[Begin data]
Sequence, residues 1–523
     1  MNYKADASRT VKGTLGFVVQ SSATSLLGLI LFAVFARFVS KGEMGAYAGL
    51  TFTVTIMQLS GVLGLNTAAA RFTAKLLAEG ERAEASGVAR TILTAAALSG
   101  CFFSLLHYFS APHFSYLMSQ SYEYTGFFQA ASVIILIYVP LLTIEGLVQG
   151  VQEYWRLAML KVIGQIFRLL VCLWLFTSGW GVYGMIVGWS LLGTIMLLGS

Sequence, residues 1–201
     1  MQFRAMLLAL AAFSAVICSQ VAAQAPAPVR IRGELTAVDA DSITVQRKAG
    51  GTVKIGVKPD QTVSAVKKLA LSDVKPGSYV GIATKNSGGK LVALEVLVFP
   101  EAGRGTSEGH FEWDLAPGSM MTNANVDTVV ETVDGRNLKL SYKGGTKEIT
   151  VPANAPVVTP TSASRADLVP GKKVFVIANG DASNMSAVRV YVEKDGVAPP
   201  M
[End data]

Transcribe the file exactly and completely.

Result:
Sequence, residues 1–523
     1  MNYKADASRT VKGTLGFVVQ SSATSLLGLI LFAVFARFVS KGEMGAYAGL
    51  TFTVTIMQLS GVLGLNTAAA RFTAKLLAEG ERAEASGVAR TILTAAALSG
   101  CFFSLLHYFS APHFSYLMSQ SYEYTGFFQA ASVIILIYVP LLTIEGLVQG
   151  VQEYWRLAML KVIGQIFRLL VCLWLFTSGW GVYGMIVGWS LLGTIMLLGS

Sequence, residues 1–201
     1  MQFRAMLLAL AAFSAVICSQ VAAQAPAPVR IRGELTAVDA DSITVQRKAG
    51  GTVKIGVKPD QTVSAVKKLA LSDVKPGSYV GIATKNSGGK LVALEVLVFP
   101  EAGRGTSEGH FEWDLAPGSM MTNANVDTVV ETVDGRNLKL SYKGGTKEIT
   151  VPANAPVVTP TSASRADLVP GKKVFVIANG DASNMSAVRV YVEKDGVAPP
   201  M